Dirt 5 Review: Old-School Arcade Racing in a Cheesy Cartoon Wrapper
Don’t expect a full-fledged sim—or anything close to it—and you’ll have a much better time with the latest Dirt title.
Racing games—especially simulators, if you lump them in the same camp—take themselves pretty seriously these days. If you're not shaving tenths off your lap times then you aren't getting the most out of Gran Turismo or Project Cars. It's become such a focus to learn the arts of trail braking and heel-toe downshifting on expensive sim rigs that arcade-like antics have almost been left behind, save for maybe the Forza Horizon series. Well, Dirt 5 is here to pad those numbers with thrills you'd expect more from a Dave and Buster's cabinet than a next-gen console.
It's not just the fast and loose gameplay that makes it that way, either. Dirt 5 has an aesthetic that's supported mainly by bright colors and beautiful artwork for each track, game mode and menu option. The targeted feel is clear right from the start when you launch the game and Donut Media's James Pumphrey greets you with the goofy jokes he's both loved and hated for. If you're a fan of commentary packed with internet slang and "HRSPRS" jokes, then you'll love it. If not, well...enjoy the punk and alt-rock soundtrack.
As in previous Dirt titles, there's a huge selection of cars and trucks meant for slinging gravel, mud, sand and snow. Thanks to the exaggerated weather dynamics, it feels like you might see the latter two in the same stage depending on the day. Unless you toggle the weather settings before the race, then you're sure to see a mix of conditions that may or may not seem realistic. Like I said, it has a classic arcade feel.
Driving characteristics do indeed change with each car—for example, an all-wheel-drive VW Polo's bound to behave differently on each terrain than a front-wheel-drive Peugeot 306 Maxi. That's not to say the cars are predictable; I mean, is that what you really want from a game that's just short of Cruis'n USA? Instead, to really nail a series of turns on a loose surface—which I have not—you've got to adapt to Dirt 5's style.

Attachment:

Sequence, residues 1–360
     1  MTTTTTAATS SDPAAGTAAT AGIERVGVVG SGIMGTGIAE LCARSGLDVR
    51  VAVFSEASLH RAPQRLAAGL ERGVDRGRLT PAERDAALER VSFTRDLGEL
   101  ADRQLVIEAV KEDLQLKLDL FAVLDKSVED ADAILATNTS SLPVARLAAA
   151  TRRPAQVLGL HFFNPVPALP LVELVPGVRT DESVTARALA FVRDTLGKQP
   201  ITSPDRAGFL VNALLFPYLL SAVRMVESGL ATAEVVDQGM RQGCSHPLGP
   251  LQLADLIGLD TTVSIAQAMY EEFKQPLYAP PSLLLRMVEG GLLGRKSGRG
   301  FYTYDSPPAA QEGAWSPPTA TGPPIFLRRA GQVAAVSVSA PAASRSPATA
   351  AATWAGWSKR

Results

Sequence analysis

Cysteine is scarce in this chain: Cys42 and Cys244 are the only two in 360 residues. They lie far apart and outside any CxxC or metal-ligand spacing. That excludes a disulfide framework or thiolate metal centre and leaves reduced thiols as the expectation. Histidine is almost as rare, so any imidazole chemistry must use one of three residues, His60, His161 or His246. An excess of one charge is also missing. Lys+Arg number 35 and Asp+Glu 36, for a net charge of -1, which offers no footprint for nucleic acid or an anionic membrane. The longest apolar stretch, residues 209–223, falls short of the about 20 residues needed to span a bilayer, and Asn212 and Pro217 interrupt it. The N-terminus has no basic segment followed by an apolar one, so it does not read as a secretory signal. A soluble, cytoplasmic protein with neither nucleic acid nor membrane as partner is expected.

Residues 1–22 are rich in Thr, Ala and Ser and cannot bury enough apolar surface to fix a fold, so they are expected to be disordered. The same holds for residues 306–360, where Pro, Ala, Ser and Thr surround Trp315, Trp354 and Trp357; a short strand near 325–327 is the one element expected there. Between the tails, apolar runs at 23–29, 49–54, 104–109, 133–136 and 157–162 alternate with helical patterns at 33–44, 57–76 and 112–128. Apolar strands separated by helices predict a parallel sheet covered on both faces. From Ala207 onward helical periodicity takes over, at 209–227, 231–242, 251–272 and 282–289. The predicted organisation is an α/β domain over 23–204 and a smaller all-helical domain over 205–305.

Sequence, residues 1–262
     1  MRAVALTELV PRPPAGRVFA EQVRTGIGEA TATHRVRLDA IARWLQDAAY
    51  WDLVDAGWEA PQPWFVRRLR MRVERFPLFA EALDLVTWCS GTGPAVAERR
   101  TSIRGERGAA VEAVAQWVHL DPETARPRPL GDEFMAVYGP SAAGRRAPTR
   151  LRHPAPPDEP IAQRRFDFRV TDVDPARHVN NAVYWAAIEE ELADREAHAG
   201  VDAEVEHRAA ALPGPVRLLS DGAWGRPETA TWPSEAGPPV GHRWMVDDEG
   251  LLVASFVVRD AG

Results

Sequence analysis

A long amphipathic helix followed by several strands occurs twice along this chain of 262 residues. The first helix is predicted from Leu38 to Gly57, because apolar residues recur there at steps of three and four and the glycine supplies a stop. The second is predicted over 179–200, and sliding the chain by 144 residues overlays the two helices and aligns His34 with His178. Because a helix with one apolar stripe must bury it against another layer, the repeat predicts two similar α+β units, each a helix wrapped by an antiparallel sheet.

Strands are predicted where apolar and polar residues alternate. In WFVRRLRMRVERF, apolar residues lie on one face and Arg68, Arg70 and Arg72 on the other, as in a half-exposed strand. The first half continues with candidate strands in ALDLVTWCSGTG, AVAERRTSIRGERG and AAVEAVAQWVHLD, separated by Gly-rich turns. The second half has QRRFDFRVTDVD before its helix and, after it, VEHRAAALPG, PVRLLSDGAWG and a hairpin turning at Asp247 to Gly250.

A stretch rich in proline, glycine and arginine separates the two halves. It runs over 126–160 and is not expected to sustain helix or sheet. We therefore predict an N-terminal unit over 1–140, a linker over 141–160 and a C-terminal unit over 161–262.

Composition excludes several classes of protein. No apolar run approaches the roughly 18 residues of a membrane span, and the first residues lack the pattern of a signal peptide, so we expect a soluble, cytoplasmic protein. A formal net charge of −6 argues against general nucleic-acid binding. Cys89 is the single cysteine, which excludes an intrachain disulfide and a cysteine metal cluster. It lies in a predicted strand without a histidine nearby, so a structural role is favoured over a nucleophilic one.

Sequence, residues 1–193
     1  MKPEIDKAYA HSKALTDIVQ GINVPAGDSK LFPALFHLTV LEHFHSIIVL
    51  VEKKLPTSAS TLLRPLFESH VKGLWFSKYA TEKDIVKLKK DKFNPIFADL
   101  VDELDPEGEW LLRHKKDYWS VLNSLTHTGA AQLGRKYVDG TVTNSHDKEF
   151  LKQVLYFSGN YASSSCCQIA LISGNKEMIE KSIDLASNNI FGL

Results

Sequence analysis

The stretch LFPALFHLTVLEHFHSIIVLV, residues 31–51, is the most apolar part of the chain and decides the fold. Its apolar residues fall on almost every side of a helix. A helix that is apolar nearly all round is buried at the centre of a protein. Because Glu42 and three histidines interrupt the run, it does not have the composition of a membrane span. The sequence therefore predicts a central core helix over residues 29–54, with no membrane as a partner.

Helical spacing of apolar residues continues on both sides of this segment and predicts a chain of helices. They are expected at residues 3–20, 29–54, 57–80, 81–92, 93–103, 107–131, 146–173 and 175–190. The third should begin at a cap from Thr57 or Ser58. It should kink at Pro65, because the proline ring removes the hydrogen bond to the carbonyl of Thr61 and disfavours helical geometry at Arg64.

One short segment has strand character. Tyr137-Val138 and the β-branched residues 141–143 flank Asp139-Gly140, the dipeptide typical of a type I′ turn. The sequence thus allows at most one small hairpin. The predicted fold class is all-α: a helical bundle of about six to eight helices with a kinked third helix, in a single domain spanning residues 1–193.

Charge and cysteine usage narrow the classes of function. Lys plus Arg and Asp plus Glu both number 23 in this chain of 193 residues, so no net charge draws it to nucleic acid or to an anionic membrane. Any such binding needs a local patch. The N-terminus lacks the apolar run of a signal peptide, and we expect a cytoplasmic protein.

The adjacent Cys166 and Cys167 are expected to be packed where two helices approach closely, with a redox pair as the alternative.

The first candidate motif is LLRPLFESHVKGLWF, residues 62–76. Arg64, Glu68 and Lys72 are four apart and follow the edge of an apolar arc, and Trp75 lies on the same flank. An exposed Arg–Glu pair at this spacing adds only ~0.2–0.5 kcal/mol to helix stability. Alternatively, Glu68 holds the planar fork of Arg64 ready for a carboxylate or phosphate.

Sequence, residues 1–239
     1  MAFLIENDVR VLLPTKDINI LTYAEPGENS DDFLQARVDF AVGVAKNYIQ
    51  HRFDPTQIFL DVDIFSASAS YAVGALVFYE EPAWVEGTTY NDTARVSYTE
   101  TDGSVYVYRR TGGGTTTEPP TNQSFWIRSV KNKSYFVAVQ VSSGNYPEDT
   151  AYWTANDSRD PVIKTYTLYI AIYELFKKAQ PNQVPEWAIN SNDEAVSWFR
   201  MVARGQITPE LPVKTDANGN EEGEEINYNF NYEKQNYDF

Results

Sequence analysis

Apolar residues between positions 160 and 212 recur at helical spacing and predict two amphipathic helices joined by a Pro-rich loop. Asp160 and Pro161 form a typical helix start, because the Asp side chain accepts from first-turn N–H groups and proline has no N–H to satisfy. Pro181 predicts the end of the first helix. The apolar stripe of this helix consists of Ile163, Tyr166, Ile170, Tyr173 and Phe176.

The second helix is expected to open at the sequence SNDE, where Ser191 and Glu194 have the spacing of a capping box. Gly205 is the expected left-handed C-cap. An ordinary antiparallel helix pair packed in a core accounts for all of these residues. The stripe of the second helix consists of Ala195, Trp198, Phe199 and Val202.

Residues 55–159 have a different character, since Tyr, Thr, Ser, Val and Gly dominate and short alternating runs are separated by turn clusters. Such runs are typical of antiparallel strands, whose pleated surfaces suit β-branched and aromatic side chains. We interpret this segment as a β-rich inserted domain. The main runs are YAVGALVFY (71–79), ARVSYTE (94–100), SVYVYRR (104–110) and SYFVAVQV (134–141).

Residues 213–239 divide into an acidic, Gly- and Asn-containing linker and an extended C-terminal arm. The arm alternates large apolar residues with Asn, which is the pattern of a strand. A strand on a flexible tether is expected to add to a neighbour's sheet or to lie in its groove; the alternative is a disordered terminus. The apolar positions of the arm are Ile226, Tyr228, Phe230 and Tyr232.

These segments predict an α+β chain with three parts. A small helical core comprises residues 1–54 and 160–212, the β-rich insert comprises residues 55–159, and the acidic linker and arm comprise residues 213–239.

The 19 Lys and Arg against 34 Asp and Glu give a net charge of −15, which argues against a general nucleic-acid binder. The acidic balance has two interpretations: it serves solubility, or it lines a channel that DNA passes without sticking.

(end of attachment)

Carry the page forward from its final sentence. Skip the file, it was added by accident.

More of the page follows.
This is manageable when you're playing Rally Raid events, but much, much harder when driving more technical Playground courses like in the fan-favorite Gymkhana mode. I can't drive up those tight, twisty ramps to save my life, especially with my controller. Maybe that's the point; if you want to squeeze the max potential out of it, you really need a wheel and pedals. Otherwise, you might drive yourself crazy instead of successfully through an asphalt maze.
As you can tell from the attached screengrabs, the graphics are perfectly fine when running as intended. That said, and perhaps this can be attributed to playing a pre-release version, that's not always the case. Every race was slightly laggy from the start on the Xbox One, no matter if I chose to optimize frame rate or screen quality when the game asked my preference. Additionally, there were some textures that didn't properly load and it seemed buggy, sometimes affecting gameplay. Patches will surely fix this but, as of right now, it's something to keep in mind.
The career mode is pleasantly straightforward: You compete in one event and move on to the next, acquiring XP and a little bit of loot along the way. This allows you to earn each car rather than simply picking it from a carousel screen. Also, another nice tidbit—Dirt 5 shows real power and weight figures for each vehicle rather than just a letter-grade rating. It has that, too, but doesn't leave out the specifics for car nerds who care. Whether or not those minute stat differences actually play out as advertised on the track is a different story.
Real race cars aren't lacking here, as there are multiple categories with different flavors for everyone: Classic Rally, '80s Rally, '90s Rally, Cross Raid, Formula Off-Road, Modern Rally, Pre-Runners, Rally Cross, Rally GT, Rock Bouncers, Sprint, Superlites and Unlimited. Phew! Each one contains the machines you want to drive, like the Group B Lancia 037 or a Liam Doran-esque Citroen DS3. If you're a fan of trucks, the game has those too with Ford Raptors and sand buggies all the same. Consider the lineup a high mark for this title as a good deal of thought was put in by a Codemasters team who certainly knows rally.
And again, if you want a true-blue sim, or even something approaching that level of bracing realism, there are other options out there. Heck, try Dirt Rally 2.0 from 2019 if you want stage-by-stage competition. That was never the intended focus for Dirt 5, which dishes out achievements for airtime and rewards you for overtaking your opponents while pulling off sick drifts. Just don't expect any tickets to exchange for a plastic parachute Army man.
Dirt 5 is out on Playstation 4, Xbox One and PC today. It'll also be available on next-gen consoles like the Playstation 5 and Xbox Series X at launch. Folks who buy Dirt 5 for the outgoing generation of consoles will receive a free upgrade that's compatible with their next-gen systems.
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